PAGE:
The Delta del Orinoco Biosphere Reserve (DOBR) was created by Decree N؛ 1.633 of 05-06-1991 (Official Gazette N؛ 34.812 of 3-10-1991) and encompass 1.125.000 ha including the protected areas, the buffer and transition areas, which represents circa 31% of Delta Amacuro State total surface. A great biological diversity characterizes the terrestrial and aquatic ecosystems of the Delta del Orinoco. These ecosystems comprise a variable vegetation with more than 2.000 plants and a very rich terrestrial and aquatic fauna integrated for more than 151 mammals species, 464 bird species, 76 reptiles, 39 amphibians and 210 ichthyology species. Considerable amounts of terrestrial and aquatic invertebrates inhabit this territory.
Designation date: 2009
Surface : 877,850 ha
- Core area(s): 159,800 ha
- Buffer zone(s): 184,600 ha
- Transition zone(s): 534,100 ha
The Delta del Orinoco is a highly dynamic and complex fluvial-marine sedimentary basin formed in the Holocene, whose sediments deposited substantially by the Orinoco River main flow and in a lesser degree by geomorphologic units surrounding it, including San Juan River flows and other currents draining from the plains of La Mesa. It is embedded in a mosaic of mangroves, swamp forest, moist forest, plains and aquatic ecosystem of shallow waters. A series of fluvial channels and tide channels, the last one in the coastal plain divide the vegetation.
Among its vegetation, dominant species are Machaerium lunatum and Motrichardia arborescens, also Ludwigia spp, Mikania congesta and bignoniaceas climbers. Likewise, floating praires appear formed mainly by the species Eichhornia crassipes y E. azure.
In terms of fauna, the Biosphere Reserve is home to valuable vertebrates and invertebrates of taxonomic value, the latter represented by numerous groups that are important source for local consumption like molusks represented by Crassostrea virginica (oyster), Melongena melongena and Pomacea ursus (guarura). Several crustaceans represented by shrimps and crabs such as Macrobrachium carcinus, Macrobrachium surinamicum, Macrobrachium amazonicum, Litopenaeus schmitti (white shrimp) and Xiphopenaeus kroyeri (titi shrimp).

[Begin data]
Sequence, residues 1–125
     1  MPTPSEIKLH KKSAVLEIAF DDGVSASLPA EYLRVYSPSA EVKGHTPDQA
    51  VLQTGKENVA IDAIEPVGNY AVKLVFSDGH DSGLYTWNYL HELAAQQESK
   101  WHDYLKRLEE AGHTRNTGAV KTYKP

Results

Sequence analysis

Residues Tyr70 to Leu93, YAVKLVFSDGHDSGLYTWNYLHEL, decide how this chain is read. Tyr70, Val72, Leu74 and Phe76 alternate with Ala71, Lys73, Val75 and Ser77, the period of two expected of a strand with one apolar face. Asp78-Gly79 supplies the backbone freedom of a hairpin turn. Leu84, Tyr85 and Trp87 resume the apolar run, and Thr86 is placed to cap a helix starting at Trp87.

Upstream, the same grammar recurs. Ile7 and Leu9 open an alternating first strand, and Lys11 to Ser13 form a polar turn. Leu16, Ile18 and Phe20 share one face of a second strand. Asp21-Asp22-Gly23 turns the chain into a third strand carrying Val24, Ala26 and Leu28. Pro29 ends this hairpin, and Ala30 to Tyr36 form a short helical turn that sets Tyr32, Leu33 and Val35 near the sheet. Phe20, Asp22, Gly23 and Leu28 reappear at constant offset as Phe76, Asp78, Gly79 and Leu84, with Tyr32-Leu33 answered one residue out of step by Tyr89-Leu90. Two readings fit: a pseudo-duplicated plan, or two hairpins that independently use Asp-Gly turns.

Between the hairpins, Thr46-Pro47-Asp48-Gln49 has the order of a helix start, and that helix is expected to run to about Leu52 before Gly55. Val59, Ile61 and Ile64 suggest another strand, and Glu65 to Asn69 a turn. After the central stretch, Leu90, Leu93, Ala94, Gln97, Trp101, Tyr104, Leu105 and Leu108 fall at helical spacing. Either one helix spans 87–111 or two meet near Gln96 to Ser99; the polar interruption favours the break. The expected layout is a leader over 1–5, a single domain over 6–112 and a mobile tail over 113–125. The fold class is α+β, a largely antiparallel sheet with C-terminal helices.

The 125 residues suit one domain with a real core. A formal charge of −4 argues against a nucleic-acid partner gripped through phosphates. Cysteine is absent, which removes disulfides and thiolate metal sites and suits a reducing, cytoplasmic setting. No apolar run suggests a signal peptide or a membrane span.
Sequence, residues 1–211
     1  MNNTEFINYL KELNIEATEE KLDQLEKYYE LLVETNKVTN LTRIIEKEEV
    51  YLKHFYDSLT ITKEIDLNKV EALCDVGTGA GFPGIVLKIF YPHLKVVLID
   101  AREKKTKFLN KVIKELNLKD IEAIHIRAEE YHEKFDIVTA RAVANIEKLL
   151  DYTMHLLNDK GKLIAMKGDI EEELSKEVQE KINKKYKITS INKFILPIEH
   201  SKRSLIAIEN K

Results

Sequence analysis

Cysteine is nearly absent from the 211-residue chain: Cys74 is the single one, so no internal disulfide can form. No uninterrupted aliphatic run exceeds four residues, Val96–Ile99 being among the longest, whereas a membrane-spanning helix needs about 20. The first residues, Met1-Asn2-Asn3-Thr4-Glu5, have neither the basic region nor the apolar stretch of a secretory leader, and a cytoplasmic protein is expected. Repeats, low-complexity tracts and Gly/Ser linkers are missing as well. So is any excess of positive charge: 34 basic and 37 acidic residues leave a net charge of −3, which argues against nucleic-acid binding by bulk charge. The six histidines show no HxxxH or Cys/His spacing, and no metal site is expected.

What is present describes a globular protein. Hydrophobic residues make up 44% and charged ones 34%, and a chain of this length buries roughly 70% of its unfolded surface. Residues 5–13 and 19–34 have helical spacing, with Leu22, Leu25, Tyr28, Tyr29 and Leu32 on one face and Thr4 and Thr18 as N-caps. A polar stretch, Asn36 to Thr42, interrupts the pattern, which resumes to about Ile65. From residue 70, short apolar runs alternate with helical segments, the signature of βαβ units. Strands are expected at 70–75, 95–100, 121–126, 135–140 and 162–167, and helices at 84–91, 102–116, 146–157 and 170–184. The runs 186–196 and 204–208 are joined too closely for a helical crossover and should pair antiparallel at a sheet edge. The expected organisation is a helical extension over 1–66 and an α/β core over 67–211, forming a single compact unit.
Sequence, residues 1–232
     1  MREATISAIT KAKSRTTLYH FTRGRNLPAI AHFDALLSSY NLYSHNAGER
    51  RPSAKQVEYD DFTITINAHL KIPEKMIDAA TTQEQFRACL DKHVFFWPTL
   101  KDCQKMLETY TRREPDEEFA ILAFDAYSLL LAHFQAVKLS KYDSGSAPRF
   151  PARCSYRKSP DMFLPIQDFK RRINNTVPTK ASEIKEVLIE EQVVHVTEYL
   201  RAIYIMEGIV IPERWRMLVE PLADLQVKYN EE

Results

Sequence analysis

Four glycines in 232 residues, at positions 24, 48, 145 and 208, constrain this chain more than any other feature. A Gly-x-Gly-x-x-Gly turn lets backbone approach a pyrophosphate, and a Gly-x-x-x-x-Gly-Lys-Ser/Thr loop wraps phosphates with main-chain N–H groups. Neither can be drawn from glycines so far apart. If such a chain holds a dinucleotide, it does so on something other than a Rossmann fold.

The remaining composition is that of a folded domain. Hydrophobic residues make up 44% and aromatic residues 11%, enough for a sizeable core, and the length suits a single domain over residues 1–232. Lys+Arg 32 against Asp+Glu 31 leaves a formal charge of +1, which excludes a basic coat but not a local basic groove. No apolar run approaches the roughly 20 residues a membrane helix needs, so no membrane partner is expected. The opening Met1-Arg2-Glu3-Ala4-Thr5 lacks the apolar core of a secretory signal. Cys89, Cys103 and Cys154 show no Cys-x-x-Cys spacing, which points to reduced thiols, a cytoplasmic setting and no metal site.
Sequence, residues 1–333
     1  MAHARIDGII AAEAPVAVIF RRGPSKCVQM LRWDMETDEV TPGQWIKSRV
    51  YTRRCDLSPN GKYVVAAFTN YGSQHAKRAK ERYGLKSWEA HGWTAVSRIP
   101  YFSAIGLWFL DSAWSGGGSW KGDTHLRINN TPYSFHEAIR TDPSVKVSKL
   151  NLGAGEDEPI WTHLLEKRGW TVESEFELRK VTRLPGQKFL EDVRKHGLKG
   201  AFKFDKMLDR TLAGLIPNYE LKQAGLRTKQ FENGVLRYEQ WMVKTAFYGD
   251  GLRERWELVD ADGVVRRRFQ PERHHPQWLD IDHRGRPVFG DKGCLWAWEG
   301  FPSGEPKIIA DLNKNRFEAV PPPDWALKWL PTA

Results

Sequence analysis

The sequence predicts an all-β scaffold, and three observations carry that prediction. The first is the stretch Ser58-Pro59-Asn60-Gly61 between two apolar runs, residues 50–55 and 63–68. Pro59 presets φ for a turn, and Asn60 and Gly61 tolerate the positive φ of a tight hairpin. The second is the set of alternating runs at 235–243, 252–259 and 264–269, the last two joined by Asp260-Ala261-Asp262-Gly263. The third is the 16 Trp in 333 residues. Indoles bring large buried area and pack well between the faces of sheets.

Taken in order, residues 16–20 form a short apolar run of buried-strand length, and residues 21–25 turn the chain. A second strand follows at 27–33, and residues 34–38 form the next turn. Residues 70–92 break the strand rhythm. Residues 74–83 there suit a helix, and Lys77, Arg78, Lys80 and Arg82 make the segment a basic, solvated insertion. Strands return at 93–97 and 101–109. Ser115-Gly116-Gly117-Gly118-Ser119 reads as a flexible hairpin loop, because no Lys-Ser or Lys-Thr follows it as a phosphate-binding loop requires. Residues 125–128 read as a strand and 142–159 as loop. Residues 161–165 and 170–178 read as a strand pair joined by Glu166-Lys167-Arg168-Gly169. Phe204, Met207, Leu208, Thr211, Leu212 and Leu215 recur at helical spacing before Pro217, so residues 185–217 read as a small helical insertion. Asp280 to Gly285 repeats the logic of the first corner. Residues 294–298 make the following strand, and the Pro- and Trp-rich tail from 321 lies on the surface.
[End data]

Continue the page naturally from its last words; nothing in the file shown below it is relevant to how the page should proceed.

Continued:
Besides common species in the region, like the Carina moschata, the Biosphere Reserve is also home to various endemic species, such as Dasyprocta guamara, Picummus nigropunctatus, Dendrocincla fuliginosa deltana and Anolis deltae.
Most part of the population and indigenous warao settlements are located and spread in the eastern Delta, conforming most of the population of the sector (approximately 20.000 warao inhabitants). Primary use of this territory is fishing, hunting, harvesting of forestry produce and others that serve as base for handicraft manufacture and agriculture.
The Delta del Orinoco has geopolitical relevance because is the country’s entrance to the Atlantic Ocean, because it facilitates communications with the Caribbean Sea and its extraordinary navigation potential, the development of hydrocarbon resources industry and fishing; all important elements for territorial planning programs.
Last updated: July 2019